NY State Comptroller Forecasts Widening Budget Gap, Slowing Economy


State Comptroller Thomas DiNapoli has offered a mixed economic forecast for New York in his annual report, predicting lower tax collections than last year, a slowing economy in 2024, and a widening budget gap for the state in the years to come. 

One positive note is that the tax collections throughout the state totaled $74 billion last year, which was $3.6 billion higher than the state’s projections through Dec. 31. However, personal income tax collections for 2023 fell by $5.8 billion compared to 2022, which the comptroller’s office blames on volatile financial markets. 

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Consumption and use taxes were up by $1.1 billion — from $15.5 billion to $16.6 billion  — from the year prior because the state restored gas taxes in 2023 following a six-month gas tax holiday in the second half of 2022, according to the comptroller’s report. 

Across the board, state spending is expected to total $236 billion for fiscal year 2024, an increase of $11 billion, or 5 percent, from fiscal year 2023, largely because of Medicaid and school spending.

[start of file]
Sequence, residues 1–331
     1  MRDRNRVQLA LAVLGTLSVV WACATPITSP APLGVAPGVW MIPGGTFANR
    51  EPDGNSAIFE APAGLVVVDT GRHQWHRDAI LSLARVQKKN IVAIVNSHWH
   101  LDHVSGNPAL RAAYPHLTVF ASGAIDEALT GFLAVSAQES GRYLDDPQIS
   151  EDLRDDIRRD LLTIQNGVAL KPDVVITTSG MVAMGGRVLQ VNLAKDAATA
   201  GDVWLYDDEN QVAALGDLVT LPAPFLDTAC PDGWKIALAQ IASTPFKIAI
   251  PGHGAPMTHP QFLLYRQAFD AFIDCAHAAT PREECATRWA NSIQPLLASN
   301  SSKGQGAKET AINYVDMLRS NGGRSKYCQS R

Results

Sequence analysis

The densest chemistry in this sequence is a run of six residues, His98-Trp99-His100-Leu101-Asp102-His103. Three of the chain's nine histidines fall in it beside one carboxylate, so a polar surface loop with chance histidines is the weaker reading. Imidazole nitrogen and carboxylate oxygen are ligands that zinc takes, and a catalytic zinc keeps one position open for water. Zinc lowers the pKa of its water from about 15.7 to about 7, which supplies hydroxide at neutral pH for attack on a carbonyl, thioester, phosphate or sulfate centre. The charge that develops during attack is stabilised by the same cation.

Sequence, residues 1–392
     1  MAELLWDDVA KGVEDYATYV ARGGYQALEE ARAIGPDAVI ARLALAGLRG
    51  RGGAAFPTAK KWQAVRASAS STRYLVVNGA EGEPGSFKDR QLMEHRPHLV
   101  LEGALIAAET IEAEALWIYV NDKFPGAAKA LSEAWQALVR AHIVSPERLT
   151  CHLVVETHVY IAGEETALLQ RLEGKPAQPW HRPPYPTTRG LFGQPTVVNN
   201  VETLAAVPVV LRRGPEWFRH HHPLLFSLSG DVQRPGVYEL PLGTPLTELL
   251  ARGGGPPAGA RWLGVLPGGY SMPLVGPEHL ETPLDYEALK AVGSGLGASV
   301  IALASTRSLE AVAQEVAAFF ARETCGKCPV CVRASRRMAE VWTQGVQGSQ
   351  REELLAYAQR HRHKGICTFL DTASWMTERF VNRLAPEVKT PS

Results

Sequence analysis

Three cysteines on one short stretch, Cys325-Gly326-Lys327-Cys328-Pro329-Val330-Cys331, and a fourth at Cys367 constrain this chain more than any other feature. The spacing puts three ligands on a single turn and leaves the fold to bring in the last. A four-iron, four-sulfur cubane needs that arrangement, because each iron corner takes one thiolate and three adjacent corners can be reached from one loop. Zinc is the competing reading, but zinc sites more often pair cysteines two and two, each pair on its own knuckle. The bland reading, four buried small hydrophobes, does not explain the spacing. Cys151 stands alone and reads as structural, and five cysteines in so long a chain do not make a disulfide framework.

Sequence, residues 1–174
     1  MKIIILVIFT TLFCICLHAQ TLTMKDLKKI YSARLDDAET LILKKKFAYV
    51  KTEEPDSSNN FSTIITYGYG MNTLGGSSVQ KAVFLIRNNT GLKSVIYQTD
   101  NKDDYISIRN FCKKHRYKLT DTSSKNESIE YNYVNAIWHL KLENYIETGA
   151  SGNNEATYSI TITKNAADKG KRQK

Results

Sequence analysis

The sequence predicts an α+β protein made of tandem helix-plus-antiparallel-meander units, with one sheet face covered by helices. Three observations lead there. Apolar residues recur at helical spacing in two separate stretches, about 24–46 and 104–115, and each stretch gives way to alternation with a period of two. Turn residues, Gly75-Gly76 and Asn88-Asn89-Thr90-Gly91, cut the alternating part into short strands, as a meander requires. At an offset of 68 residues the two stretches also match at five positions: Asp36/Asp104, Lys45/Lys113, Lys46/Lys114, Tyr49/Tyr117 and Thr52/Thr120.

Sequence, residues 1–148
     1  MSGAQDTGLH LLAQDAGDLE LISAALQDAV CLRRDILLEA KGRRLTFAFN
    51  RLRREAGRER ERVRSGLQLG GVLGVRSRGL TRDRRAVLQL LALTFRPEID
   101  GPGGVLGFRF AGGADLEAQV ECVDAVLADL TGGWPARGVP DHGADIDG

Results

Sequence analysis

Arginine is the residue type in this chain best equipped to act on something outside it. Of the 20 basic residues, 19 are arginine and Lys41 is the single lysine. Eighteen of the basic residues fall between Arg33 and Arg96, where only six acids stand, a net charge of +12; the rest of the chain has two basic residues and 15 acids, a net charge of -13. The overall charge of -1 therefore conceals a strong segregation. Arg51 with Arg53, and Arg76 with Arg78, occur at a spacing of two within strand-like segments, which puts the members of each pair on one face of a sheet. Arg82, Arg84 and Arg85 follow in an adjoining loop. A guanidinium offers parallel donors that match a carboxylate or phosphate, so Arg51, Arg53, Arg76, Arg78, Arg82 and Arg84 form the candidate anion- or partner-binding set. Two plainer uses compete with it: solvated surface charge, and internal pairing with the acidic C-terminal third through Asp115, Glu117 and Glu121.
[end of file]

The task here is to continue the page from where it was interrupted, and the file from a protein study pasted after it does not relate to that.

Despite an expected budget surplus of $2.2 billion for this year, much of that will go toward repaying distressed health care providers and paying state pension costs and expenses for asylum seekers. The state Division of Budget and the state comptroller predict worsening budget gaps for New York over the coming years. 

“New York state has taken positive steps to stabilize its finances with higher reserves and lower projected budget gaps,” DiNapoli said in a statement. “Still, the executive and the legislature face the difficult challenge of ensuring adequate funding for our schools, health care programs, and other critical needs while improving the state’s affordability.” 

The report projects that tax receipts will grow by about 4 percent over the next four years, while spending is expected to grow nearly 18 percent, creating a budget gap of roughly $20 billion. 

The state budget department also predicts that the national economy will “slow considerably” in the first half of 2024 compared to the same time last year, growing by less than 1 percent. It expects stronger growth in the latter half of 2024, but at rates below 2023 levels. 

New York’s unemployment rate has exceeded the national average throughout the pandemic, hitting 4.5 percent in December 2023, compared to 3.7 percent nationally. The comptroller and budget department believe that will remain the case, with New York’s unemployment hovering around 4.6 percent for the next year or so. 

Rebecca Baird-Remba can be reached at rbairdremba@commercialobserver.com.